People are already faced with consequences in our current short(er) lifetimes. We still mainly ignore them, and carry on doing whatever we want, with little heed to the future. Humanity seems to be stubbornly disinclined to plan and act for long-term gratification, even though this is one of the things which is meant to separate us from other animals, and from small children.

So, although it demonstrates the lack of faith I have in human kind, I am not sure that the clear-thinking minority could override tradition, ignorance, and reluctance to any kind of change. Additionally, for certain individuals at least, the amount of damage they could inflict over a lifetime would be expanded, leading to more for those with hope and forward thinking to repair.

Thankfully, there hasn’t been such a discovery so far. I think we would misuse and abuse any extra time we were afforded, and so am firmly in the ‘it’s unnatural!’ opposition camp. I don’t think longer lives would help us to lead better, or happier lives, and the problems surrounding a longer-living race are so large as to overwhelm any benefit of the scientific progress.

What do you think?

Thoughts on Google and the end of the world

I know this isn’t a book, but check out this article in the London Review of Books. It’s about the domination of Google, and how it’s feedback system allows it to become more and more intelligent every time we use it. Since I use Google a lot, in a work capacity as well as just random searches, it’s really made me think about what a powerful tool it is, and how impossible life would be now if it were suddenly removed. It also holds some lessons for our own mental wellbeing; every time we click on a link that is below the number one spot, we are showing Google that it got the ranking wrong, and it needs to readjust the information it provides us with. Instead of facing this criticism with sulking, defensiveness or a drop in self confidence, Google learns from the experience. Without these criticisms, it could never have become as intelligent as it is now. All feedback is useful. Everything we experience can teach us something, even if its something which we feel threatened by.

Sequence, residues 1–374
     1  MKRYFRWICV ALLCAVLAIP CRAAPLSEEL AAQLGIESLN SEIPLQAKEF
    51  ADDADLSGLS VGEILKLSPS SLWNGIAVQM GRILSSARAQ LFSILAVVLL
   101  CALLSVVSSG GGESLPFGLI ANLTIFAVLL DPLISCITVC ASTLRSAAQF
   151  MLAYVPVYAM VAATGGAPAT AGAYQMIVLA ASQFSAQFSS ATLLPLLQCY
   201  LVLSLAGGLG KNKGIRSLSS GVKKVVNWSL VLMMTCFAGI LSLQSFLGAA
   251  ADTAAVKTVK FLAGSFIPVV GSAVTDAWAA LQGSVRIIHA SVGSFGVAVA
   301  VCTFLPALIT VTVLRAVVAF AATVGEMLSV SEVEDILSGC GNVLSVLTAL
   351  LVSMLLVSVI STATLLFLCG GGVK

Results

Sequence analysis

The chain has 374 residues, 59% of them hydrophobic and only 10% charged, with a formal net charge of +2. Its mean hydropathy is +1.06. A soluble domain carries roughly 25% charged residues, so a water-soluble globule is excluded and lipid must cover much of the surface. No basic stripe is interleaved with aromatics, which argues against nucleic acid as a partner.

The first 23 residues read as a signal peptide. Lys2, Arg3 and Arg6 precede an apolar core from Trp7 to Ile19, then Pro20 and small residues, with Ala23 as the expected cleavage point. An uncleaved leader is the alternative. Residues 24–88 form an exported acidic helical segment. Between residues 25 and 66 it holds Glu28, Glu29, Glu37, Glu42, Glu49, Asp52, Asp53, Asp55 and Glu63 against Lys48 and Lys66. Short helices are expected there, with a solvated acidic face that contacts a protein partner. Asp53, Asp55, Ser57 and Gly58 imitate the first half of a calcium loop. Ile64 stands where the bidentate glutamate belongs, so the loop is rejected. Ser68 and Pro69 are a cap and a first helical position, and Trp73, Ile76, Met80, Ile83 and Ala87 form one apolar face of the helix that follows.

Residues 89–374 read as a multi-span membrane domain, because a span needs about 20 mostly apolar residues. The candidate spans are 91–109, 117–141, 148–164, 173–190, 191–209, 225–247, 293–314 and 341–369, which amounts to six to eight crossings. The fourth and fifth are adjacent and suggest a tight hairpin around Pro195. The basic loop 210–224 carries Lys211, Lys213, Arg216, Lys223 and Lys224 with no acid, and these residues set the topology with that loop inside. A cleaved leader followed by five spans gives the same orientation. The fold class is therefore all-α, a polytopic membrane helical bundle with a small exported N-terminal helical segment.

On an entirely unrelated note, I finished the Kraken Wakes. I have to say I didn’t like it as much as I mostly like his books, and found it a bit disappointing. The book focuses on the (admittedly more realistic) element of how humanity would react if there was really an alien invasion. We would be confused, and very slow to react, and react badly, and turn on each other. However the despondent atmosphere makes it hard to enjoy. The slow, bleak loss of hope is probably a more truthful portrayal of the end of the world, however much we (or just me?) like the drama of one final battle, with blazing emotions, and devastating losses. The monotony that uncertainty and futility would create is far more depressing than some grand sacrifice, or bittersweet victory. I read the whole thing waiting for something to happen, and by the time you realise that this is all there is, there has been nothing but emptiness for so long there are no contrasts left. Its why I didn’t like The Road, even though again, I understand that that is the whole point; the desolation of the circumstances is reflected in a tedious narrative where nothing happens, and all emotions are numbed.